I’ve tried numerous times to learn German (not for fun…because it definitely isn’t), but the vocabulary kills me every time. Seriously, when a language allows the ad infinitum gluing together of words already-too-long to make new-out-of-control-longer words, it pretty much guarantees failure for people with short attention spans. I’ve made up an English word for this: googletranslatebeblessedforever.
So, it’s nothing short of amazing that a German word ever comes to my mind. But when I read Daniel 4:19, I think of the word Schadenfreude. (Merriam-Webster: “enjoyment obtained from the troubles of others.”) More specifically, I think about why some Hebrew or Aramaic equivalent of “Schadenfreude” didn’t come to Daniel’s mind, too. Let me explain.
Nebuchadnezzar had dreamed of a flourishing tree that perfectly matched his “contented and prosperous” life (Dan 4:4). Then suddenly, an angel crashed the idyllic scene and barked out orders to turn the tree into lumber. Birds and animals scattered as their pastoral paradise disappeared, a gnarled stump the only witness to its existence.
Then the dream does what dreams do so well – seamlessly switches images without explaining how one thing becomes another. The angel pronounces that the tree stump will live among the beasts in the field, and its human mind (there’s the seamless switching) will be changed to an animal’s mind for “seven times” (Dan 4:15–16). The reason given for these events is “that the living may know that the Most High is sovereign over the kingdoms of men & gives them to anyone he wishes and sets over them the lowliest of men”(Dan 4:17 NIV).
It’s no wonder Nebuchadnezzar was disturbed. You don’t need a degree in dream interpretation to know this dream doesn’t bode well for him. It makes you wonder if the king’s problem wasn’t that none of his wise men could interpret it – but rather that none of them would interpret it (Dan 4:18). Would you want to spell out for the king what seems to be fairly obvious in his dream?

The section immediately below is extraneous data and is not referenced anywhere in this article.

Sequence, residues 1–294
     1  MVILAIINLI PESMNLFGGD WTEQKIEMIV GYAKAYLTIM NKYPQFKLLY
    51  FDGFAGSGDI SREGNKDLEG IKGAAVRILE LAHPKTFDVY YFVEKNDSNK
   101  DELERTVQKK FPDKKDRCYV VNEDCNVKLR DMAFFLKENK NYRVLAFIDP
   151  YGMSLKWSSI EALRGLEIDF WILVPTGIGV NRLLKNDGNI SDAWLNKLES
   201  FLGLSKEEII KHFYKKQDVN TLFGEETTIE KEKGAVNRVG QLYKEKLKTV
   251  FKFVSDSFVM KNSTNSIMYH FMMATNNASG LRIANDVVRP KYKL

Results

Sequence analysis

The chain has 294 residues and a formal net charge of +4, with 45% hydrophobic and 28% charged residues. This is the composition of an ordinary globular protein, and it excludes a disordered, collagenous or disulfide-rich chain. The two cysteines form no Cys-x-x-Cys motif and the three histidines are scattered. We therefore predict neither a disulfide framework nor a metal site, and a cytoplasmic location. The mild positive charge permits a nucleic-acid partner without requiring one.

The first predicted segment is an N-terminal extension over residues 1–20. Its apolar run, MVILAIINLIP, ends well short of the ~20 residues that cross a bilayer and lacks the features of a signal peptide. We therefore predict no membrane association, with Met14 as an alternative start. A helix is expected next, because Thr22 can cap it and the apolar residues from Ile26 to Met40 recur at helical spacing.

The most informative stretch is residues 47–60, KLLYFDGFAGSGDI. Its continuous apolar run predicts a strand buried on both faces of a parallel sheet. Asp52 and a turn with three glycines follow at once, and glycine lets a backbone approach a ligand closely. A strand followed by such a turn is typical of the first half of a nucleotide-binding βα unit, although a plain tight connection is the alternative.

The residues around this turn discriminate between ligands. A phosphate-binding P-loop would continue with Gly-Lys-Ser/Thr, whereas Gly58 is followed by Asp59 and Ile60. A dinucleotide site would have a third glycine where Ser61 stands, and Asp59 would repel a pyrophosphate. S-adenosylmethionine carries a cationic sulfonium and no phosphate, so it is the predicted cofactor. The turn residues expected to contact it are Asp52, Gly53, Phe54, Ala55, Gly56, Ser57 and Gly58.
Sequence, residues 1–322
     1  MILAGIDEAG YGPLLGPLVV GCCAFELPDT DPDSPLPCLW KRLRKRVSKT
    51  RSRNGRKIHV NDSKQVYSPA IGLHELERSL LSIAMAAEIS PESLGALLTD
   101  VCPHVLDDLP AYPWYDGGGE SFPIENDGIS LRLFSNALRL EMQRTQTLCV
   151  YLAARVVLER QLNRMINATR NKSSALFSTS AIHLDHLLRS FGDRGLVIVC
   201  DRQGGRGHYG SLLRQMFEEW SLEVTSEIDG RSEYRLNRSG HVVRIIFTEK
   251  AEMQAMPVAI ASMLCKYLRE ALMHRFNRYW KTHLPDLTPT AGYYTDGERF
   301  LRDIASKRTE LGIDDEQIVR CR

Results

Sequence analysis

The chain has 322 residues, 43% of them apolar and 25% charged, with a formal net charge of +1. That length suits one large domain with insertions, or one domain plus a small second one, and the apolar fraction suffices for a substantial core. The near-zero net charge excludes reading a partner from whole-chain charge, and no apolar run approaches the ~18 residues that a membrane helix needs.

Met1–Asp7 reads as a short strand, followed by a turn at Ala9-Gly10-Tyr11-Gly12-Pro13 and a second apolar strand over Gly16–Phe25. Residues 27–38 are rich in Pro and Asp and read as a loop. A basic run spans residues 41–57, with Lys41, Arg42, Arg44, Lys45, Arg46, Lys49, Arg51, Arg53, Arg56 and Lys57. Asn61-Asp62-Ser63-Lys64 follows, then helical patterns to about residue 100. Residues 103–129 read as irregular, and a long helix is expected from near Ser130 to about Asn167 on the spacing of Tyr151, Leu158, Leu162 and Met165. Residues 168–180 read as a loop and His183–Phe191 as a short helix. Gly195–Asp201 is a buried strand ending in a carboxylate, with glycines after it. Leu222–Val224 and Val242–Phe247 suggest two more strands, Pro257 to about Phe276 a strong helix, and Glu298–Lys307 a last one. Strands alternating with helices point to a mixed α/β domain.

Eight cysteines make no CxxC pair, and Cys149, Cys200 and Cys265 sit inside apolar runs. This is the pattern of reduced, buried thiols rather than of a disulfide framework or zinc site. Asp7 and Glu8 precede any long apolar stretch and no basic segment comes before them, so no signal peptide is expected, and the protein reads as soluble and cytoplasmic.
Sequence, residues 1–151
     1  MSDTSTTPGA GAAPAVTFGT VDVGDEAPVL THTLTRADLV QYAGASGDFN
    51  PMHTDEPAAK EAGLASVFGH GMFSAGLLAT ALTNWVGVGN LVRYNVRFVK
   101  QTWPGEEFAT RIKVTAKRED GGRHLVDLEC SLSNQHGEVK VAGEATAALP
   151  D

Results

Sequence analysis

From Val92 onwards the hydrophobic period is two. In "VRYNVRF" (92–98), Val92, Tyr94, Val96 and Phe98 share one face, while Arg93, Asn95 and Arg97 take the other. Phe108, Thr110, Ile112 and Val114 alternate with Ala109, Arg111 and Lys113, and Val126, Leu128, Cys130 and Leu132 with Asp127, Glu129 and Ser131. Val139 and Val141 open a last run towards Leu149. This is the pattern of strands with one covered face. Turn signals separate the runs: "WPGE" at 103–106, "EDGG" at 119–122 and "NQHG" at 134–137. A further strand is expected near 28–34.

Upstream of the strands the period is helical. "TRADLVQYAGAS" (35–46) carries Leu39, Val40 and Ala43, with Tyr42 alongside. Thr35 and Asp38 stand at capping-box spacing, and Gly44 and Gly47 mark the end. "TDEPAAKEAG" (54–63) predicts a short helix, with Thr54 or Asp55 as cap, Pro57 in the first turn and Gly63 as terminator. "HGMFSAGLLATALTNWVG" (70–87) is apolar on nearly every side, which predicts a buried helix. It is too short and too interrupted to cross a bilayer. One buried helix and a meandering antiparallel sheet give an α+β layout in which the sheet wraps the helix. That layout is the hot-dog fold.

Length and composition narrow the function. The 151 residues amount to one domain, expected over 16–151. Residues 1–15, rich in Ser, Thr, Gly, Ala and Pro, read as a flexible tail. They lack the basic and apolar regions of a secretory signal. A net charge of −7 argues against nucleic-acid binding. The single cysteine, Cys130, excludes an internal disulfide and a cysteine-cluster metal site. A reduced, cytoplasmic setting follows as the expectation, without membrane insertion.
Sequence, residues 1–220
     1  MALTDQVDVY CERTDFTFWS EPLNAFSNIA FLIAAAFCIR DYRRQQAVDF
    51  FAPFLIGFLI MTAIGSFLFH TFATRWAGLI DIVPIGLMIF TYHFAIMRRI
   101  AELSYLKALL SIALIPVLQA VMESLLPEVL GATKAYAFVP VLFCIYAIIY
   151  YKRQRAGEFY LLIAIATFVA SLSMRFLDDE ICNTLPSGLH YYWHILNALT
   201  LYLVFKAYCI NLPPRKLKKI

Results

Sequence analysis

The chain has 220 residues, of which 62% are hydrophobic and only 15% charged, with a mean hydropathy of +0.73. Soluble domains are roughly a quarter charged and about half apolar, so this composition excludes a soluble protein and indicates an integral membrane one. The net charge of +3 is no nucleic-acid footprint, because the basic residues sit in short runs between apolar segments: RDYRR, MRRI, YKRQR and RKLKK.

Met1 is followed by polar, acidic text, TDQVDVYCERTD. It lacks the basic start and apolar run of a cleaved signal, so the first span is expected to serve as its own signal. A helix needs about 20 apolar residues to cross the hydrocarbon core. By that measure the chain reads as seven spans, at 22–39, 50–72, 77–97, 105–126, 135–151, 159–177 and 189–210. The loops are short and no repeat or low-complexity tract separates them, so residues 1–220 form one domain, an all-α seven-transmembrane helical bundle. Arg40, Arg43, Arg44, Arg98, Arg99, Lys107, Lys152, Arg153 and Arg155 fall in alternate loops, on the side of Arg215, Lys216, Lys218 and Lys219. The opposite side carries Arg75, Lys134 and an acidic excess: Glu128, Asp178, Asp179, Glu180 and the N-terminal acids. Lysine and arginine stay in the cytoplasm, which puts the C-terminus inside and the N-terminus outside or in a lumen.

Nebuchadnezzar knows Daniel can help because the “spirit of the holy gods” was in him (Dan 4:18; see note at the bottom of this post), and indeed, Daniel seems to grasp the dream’s meaning immediately. When he hears the dream, he is stunned (a fair translation is that “Daniel…was appalled for a moment”), and then, like Nebuchadnezzar was when he awoke from his dream (vs. 5), Daniel was “terrified” by what was running through his mind.
Terrified? The dream foretells the demise of the king who took him captive and torched the holy city. Wouldn’t you maybe expect that instead of being terrified by what he’s heard, he might be secretly satisfied that the king’s getting what he deserves?
Maybe you’re not like that, but judging from the political climate on Facebook (and everywhere else) these days, I think a lot of people are. Good grief, we cheer when The Other Guy makes a debacle of a debate. (No political statement here. After two debates with plenty of debacle to go around, both candidates can qualify as The Other Guy.) You can cut national hatred with a knife.
But Daniel? He’s appalled. He’s terrified. He really doesn’t want this horrible stuff to happen to Nebuchadnezzar – no matter what his political record is. It seems to me that Daniel doesn’t just have the “spirit of the holy gods” in him; he has the heart of the Holy God in him. Schadenfreude? Not here.
* When Nebuchadnezzar says that “the spirit of the holy gods” is in Daniel, he is not professing belief in God or the Holy Spirit; he’s simply acknowledging that Daniel has a connection to the divine realm that the rest of his experts lack. See on his related statement in Dan 3:25